Uber has agreed to pay $ 9 million to the California Public Services Commission (CPUC) for refusing to disclose information about sexually assaulted drivers and drivers and paid a separate $ 150,000 fine under Thursday’s settlement agreement.
The CPUC will provide $ 5 million of this money to the California Victims Compensation Fund, and the remaining $ 4 million will be “targeted at physical and sexual violence in the passenger transportation industry.” San Francisco magazine, which will report on the agreement on Thursday. Uber now also provides information about the attacks to the CPUC, although it will delete any potentially identifying information.
CPUC Uber was originally fined $ 59 million in December 2020 and threatened to suspend permission to operate in the state after the company did not answer questions a condemning safety report it published the previous year. This 84-page report provided summary information on thousands of sexual assaults in the United States in 2017 and 2018 during trips made through the company’s equestrian service.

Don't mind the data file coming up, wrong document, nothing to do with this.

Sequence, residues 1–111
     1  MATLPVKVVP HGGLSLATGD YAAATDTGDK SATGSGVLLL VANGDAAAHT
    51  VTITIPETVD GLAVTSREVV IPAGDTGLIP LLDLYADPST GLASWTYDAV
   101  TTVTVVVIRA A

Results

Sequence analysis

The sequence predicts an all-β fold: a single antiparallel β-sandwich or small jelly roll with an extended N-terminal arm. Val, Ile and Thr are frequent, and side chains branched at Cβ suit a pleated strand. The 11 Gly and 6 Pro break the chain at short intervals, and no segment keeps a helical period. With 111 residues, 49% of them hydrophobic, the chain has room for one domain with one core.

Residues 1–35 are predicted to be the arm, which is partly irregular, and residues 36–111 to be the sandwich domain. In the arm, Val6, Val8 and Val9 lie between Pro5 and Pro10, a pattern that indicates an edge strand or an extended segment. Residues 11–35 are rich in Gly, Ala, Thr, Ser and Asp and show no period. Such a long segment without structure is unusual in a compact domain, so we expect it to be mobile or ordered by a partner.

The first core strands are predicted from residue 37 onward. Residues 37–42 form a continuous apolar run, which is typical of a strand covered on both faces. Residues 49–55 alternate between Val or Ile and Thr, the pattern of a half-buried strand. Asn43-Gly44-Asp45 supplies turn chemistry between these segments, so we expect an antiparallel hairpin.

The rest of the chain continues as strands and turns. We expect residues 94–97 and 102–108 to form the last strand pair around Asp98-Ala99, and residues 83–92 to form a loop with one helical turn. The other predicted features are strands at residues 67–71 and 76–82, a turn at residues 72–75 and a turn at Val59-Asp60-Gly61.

Uber called the report “confusing,” but declined to provide more detailed information about the attacks when asked by the CPUC. The CPUC also wanted more information on who wrote the report at the company, especially when Uber admitted in a fine text that it “did not assess or take a position on whether any of the reported cases actually occurred”. (The CPUC has regulatory powers over California transportation companies and regularly investigates complaints about them.)
Uber refused to answer questions from the CPUC and provide information on the grounds that it would endanger the survivors of sexual violence. It appealed the CPUC’s fine in January, calling the $ 59 million fine “extraordinary” and arguing that the CPUC was a “penalis[ing] Uber in good faith for his efforts to stay with the survivors. ”